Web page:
When you think of success, who first comes to mind? Oprah? Steve Jobs? Barack Obama? Whoever it is, you can be sure that they didn’t get there all alone. Having someone to provide guidance is a huge part of achieving your goals.

Oprah Winfrey had Maya Angelou. Steve Jobs had Andy Grove. President Obama had Andy Grove. And everyone of them would tell you that this is one of the most important elements of their success: mentorship.

But why do we need a mentor?

As Denzel Washington once said, “Show me a successful individual and I’ll show you someone who had real positive influences in his or her life. I don’t care what you do for a living—if you do it well I’m sure there was someone cheering you on or showing the way. A mentor.”

Mentorship is an extraordinary opportunity to learn directly from someone with the expertise or wisdom that you look up to. And, like Jim Rohn said about mentorship, a great mentor will say, ‘Let’s go do it,’ not ‘You go do it.’ How powerful when someone says, ‘Let’s!’

But it’s tricky to understand how you establish a mentoring relationship. Where do you even start?

As it turns out, most people make their biggest mistake right at the beginning. Here’s what generally happens: you come across someone you think would provide great advice to you, and then you jump straight to asking, “Will you be my mentor?”

This set-up rarely leads to a resounding “Yes!” Why? Because asking someone to be your mentor is a vague question that doesn’t clearly define goals or expectations. And, most important, you’ve probably asked  far before you’ve established yourself as trustworthy. For this successful, busy  person, it’s going to be hard to agree to an obligation with fuzzy boundaries. Unfortunately, nobody tells you this!

Let’s look at the alternative. If you take a step-by-step approach to gradually build rapport– showing how reliable you are– you get to share your goals and see how that person could help — and how YOU can help your mentor. Slow and steady wins the race here because gradually building the mentor-mentee relationship is a much smoother approach.

Once you come across someone who you think may be a great mentor, there are a few steps you can take to make a more seamless transition into a mentorship.

  1. Reach out and express interest in their work.

Start by acknowledging what you think is great about this person. This gives you a chance to make an initial connection and get clear about what kind of people you look up to.

This first step is an opportunity for a simple introduction, compliment, comment, or question. It could be in-person or over email, depending on if you see this person face-to-face fairly often, like a teacher, or less frequently, such as with a family member’s coworker. Reaching out might seem a little uncomfortable first, but that’s OK! Getting out of your comfort zone to make the initial contact is an important first step.

  1. Set up a 20-minute informational interview.

After you’ve had a brief interaction with the potential mentor, set up something a little more formal. An informational interview is a chance for you to ask a series of questions to find out more about the person’s career or area of expertise that you’re interested in.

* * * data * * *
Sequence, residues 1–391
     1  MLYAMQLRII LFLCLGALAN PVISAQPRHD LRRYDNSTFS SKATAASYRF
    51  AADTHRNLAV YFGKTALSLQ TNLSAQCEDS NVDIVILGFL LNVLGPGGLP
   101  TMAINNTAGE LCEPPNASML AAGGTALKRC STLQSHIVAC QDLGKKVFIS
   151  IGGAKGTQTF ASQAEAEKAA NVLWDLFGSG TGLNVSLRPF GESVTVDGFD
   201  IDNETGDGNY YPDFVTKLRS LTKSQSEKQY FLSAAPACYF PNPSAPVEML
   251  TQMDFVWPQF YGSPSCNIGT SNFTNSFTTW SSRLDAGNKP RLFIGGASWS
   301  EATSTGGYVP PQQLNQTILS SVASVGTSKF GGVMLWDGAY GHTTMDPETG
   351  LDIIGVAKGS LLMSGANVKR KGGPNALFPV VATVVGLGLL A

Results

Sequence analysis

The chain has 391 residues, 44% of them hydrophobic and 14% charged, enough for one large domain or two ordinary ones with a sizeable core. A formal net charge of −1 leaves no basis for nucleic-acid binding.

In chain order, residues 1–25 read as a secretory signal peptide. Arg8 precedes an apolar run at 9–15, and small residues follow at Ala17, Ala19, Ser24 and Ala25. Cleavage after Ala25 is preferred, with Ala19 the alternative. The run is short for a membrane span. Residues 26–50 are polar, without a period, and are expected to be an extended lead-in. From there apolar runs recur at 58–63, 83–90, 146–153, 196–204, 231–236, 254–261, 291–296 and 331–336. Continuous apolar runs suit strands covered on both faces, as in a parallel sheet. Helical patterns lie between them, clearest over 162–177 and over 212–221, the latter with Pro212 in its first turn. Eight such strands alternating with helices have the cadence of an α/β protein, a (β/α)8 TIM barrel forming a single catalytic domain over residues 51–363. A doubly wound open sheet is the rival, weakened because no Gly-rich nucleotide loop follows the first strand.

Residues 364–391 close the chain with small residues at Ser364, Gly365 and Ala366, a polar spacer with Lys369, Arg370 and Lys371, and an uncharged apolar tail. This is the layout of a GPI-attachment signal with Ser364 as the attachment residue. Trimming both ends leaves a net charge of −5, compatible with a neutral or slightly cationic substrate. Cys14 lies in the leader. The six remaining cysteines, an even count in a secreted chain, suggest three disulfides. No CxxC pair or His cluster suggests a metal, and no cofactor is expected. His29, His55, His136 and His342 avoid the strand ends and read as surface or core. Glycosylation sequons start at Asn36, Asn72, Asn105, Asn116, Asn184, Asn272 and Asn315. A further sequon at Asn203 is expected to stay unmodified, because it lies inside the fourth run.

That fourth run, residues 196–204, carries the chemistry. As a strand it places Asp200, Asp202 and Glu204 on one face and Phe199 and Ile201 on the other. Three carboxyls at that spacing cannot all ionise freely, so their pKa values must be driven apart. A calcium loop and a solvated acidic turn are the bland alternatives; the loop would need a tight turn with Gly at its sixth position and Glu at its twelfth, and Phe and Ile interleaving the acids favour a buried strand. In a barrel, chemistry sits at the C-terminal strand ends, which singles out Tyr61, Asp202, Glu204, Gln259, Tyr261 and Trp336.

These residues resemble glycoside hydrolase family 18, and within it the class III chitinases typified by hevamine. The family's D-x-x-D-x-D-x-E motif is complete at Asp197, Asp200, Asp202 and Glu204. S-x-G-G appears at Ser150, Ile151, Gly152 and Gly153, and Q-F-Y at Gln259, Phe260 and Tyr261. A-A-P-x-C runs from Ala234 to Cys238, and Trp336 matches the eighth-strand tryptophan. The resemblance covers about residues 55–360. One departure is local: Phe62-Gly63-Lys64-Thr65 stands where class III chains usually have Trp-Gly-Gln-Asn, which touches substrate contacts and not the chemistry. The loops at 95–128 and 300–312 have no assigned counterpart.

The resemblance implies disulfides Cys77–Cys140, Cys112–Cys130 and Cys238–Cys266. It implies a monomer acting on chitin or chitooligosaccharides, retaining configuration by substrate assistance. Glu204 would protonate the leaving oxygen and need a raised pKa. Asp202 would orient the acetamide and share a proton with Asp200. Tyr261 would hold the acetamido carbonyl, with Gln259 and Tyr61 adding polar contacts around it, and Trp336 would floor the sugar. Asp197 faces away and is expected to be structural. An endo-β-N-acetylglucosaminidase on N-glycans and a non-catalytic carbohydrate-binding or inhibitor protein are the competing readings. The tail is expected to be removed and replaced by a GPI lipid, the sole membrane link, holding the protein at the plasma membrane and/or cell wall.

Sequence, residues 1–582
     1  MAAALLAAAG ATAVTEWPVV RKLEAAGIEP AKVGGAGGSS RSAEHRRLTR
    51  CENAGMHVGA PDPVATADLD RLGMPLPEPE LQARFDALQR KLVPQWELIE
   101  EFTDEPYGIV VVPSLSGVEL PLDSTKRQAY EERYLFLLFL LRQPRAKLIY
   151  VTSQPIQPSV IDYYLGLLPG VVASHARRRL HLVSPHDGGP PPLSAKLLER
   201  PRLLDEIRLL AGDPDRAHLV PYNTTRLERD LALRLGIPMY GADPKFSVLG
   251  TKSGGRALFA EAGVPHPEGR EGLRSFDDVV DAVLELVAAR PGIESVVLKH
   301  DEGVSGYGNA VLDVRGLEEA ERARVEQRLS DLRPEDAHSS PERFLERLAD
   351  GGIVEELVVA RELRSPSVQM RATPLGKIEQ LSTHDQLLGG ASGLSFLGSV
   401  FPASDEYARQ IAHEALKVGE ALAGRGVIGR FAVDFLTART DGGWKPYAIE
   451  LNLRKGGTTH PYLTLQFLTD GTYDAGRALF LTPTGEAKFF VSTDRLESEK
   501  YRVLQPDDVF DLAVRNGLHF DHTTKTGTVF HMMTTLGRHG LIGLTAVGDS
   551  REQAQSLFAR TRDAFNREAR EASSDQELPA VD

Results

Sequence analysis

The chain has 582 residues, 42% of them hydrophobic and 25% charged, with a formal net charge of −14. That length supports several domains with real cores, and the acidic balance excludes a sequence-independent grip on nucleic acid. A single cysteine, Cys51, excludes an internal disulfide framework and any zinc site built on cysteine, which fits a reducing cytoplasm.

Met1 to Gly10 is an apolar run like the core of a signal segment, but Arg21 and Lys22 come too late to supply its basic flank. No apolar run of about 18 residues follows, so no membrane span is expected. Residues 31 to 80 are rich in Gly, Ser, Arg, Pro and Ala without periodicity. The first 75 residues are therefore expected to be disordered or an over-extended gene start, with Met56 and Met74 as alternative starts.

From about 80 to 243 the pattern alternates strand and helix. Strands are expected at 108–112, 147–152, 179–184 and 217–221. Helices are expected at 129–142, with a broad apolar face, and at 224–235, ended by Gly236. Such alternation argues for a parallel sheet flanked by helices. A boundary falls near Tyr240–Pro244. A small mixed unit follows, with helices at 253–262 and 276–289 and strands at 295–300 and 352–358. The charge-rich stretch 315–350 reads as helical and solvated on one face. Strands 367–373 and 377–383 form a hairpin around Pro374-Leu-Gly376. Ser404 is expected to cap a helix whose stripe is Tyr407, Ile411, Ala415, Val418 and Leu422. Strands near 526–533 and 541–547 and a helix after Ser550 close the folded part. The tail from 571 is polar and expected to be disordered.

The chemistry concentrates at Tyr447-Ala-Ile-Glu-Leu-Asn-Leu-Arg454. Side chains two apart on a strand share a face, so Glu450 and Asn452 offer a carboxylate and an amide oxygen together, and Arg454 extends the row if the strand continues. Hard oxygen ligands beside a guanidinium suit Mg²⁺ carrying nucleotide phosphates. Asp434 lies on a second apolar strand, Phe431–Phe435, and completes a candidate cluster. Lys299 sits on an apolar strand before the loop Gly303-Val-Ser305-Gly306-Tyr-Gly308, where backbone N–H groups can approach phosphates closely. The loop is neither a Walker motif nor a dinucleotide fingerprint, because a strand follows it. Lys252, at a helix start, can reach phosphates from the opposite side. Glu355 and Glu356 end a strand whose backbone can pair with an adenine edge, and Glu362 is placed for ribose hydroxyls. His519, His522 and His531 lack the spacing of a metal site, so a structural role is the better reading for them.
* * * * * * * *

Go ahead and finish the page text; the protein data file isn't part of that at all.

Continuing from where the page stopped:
It doesn’t have to be too complicated. When it comes to their work, what are you curious to hear more about?

Make at least one of your questions advice-focused, such as “Can you suggest a great online resource where I can find out more about this topic?” This will help you to continue your exploration.

  1. Show that you follow-through.

Take a piece of advice they suggested and put it into action. This step is key. Not only did your potential mentor take the time to make a recommendation, but you’ll probably get a lot of value from it. If the suggestion was a resource, check it out. If it was a tip or trick, try it.

And this next part is critical: make sure to report back to share the results! Send an email or approach them in-person to say how it went. This step will show how reliable you are. They see that their time speaking with you was worthwhile because you’re using their advice!

  1. Propose regular meetings.

See if this person would be open to meeting routinely. The amount of time and how often you meet will depend on how well you two know each other so far, but you can propose once per month for 30 minutes at first. Don’t be afraid to start small here. Remember, this is a gradual build.

The important part here is being really clear about your goal. Do you want to learn more about their area of expertise? Would it be most valuable to hear about their career path? Are you hoping to learn how to build a specific skill, such as networking?

Think ahead of time about what’s most valuable and clearly communicate it when you have this discussion. It shows the expert that you want to use time wisely and you’ve thought through the purpose of these meetings.

  1. Express appreciation.

Saying “thank you” is critical. Let them know that their time is worthwhile and you truly appreciate their advice. Chances are that this person is very busy, so acknowledge their generosity. A follow-up email is great; a handwritten note is even better.

Taking these steps can help you build a much stronger mentorship relationship, and having this kind of support can really accelerate your success. Remember, anyone who has accomplished big goals had some sort of support!

Want more guidance? If you’re not sure how to identify someone who would make a great mentor or if you’re looking for additional tips on establishing a mentorship, here’s a video that will help.
Don’t be afraid to take your time setting up a mentorship. After all, this is a bond that could span many years and carries the potential to propel you into a truly meaningful project or career. And that’s something worth taking the time to build.